• *****
  • Posts: 138
  • Country: gb
    • English
    • Coryographies: Handmade Creations by Cory
Re: Humans and interbreeding with other species - language inferences?
« Reply #20 on: January 02, 2014, 05:15:42 PM »
^This. :)
BA Linguistics, MSt Palaeoanthropology and Palaeolithic Archaeology, current PhD student (Archaeology, 1st year)

Blog: http://www.palaeolinguist.blogspot.com
My handmade book jewellery: http://www.coryographies.etsy.com

Offline freknu

  • Forum Regulars
  • Serious Linguist
  • *
  • Posts: 397
  • Country: fi
    • Ostrobothnian (Norse)
Re: Humans and interbreeding with other species - language inferences?
« Reply #21 on: January 02, 2014, 06:16:37 PM »
Is it wrong of me to take ideas less seriously if they come from someone who (based on their background) might be being nationalistic?

I'm joking a bit, but it does make me think twice when someone says "yes, X language is [better than Y, older than Z, the best example of W, ...], and that happens to be my language".

I've probably developed a Pavlovian response to such ultranationalistic arguments, and instinctively bury my palm in my face! XD

Offline Daniel

  • Administrator
  • Experienced Linguist
  • *****
  • Posts: 1576
  • Country: us
    • English
Re: Humans and interbreeding with other species - language inferences?
« Reply #22 on: January 02, 2014, 06:20:51 PM »
:))
I wasn't just talking about ultranationalistic ones, though. Also the subtle ones. "Huh, I guess that means maybe English is best... I hadn't realized that before. It's cool that I speak English..." Also absurd.
Welcome to Linguist Forum! If you have any questions, please ask.

Offline freknu

  • Forum Regulars
  • Serious Linguist
  • *
  • Posts: 397
  • Country: fi
    • Ostrobothnian (Norse)
Re: Humans and interbreeding with other species - language inferences?
« Reply #23 on: January 02, 2014, 06:31:41 PM »
:))
I wasn't just talking about ultranationalistic ones, though. Also the subtle ones. "Huh, I guess that means maybe English is best... I hadn't realized that before. It's cool that I speak English..." Also absurd.

Ah! To me "nationalism" means strictly the idea of independent nations, as opposed to "federalism" with dependent nations. The national equivalent of individualism. Ultranationalism is then the overzealous expression of a "nation", with language, culture, ethnicity, or other things become almost constructed into myth and paraded as better than others.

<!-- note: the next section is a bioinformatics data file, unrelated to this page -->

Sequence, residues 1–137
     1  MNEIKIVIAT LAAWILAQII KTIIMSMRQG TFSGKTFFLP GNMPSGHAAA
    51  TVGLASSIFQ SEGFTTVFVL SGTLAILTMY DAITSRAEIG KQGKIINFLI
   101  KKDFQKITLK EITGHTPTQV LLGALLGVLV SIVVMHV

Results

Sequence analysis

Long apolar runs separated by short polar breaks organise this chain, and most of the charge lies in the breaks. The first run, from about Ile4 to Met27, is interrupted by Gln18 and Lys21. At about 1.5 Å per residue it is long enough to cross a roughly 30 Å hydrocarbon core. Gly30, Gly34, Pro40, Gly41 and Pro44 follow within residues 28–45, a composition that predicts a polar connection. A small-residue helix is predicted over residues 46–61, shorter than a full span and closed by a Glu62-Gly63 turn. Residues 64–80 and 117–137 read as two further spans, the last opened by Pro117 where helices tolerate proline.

Similar to how pride is self-respect, while hubris is arrogance and egocentrism.

I don't know how many would agree with those definitions, though ...
« Last Edit: January 02, 2014, 06:33:26 PM by freknu »

Offline Daniel

  • Administrator
  • Experienced Linguist
  • *****
  • Posts: 1576
  • Country: us
    • English
Re: Humans and interbreeding with other species - language inferences?
« Reply #24 on: January 02, 2014, 06:39:24 PM »
Oh, I don't disagree on the definition (although it is probably fuzzy). I just meant that above I wrote "(based on their background) might be being nationalistic".
Paraphrased:
I'd take the idea of German linguistic superiority a lot more seriously coming from a Spaniard than coming from a German!
Welcome to Linguist Forum! If you have any questions, please ask.

Offline freknu

  • Forum Regulars
  • Serious Linguist
  • *
  • Posts: 397
  • Country: fi
    • Ostrobothnian (Norse)
Re: Humans and interbreeding with other species - language inferences?
« Reply #25 on: January 02, 2014, 06:42:25 PM »
I'd take the idea of German linguistic superiority a lot more seriously coming from a Spaniard than coming from a German!

Ah, ok :)

Yeah ... funny how most people claiming linguistic superiority tend to be native in that language as well. Something like 6,000 languages in the world, and which one did you pick? Your L1? Oh ...

Offline Daniel

  • Administrator
  • Experienced Linguist
  • *****
  • Posts: 1576
  • Country: us
    • English
Re: Humans and interbreeding with other species - language inferences?
« Reply #26 on: January 02, 2014, 06:45:14 PM »
Exactly. I'd be very curious to hear some Mongolian guy talking about how Dyirbal is the best language in the world.

Of course even then it usually ends up being that Dyirbal happens to be the language he did fieldwork on.

Ah.... biases....
Welcome to Linguist Forum! If you have any questions, please ask.

Offline Corybobory

  • Global Moderator
  • Linguist
  • *****
  • Posts: 138
  • Country: gb
    • English
    • Coryographies: Handmade Creations by Cory
Re: Humans and interbreeding with other species - language inferences?
« Reply #27 on: January 03, 2014, 06:16:12 AM »
You get lots of people going on about the glory of Latin, which comes from their own education experience and I still take as a bit of hubris! This is usually followed by a lament about the descent of English who does uncouth things like end a sentence in a preposition...
BA Linguistics, MSt Palaeoanthropology and Palaeolithic Archaeology, current PhD student (Archaeology, 1st year)

Blog: http://www.palaeolinguist.blogspot.com
My handmade book jewellery: http://www.coryographies.etsy.com

Offline MrChiLambda

  • Jr. Linguist
  • **
  • Posts: 10
Re: Humans and interbreeding with other species - language inferences?
« Reply #28 on: June 01, 2015, 05:36:10 AM »
Totally, the Glottal stop if you ask me is a type of physiological language attribute.

Perhaps there was something unique about the inhabitants of that area which made their throats more prone or less prone to speak in different tones.

Might be other reasons, however it may be something to consider.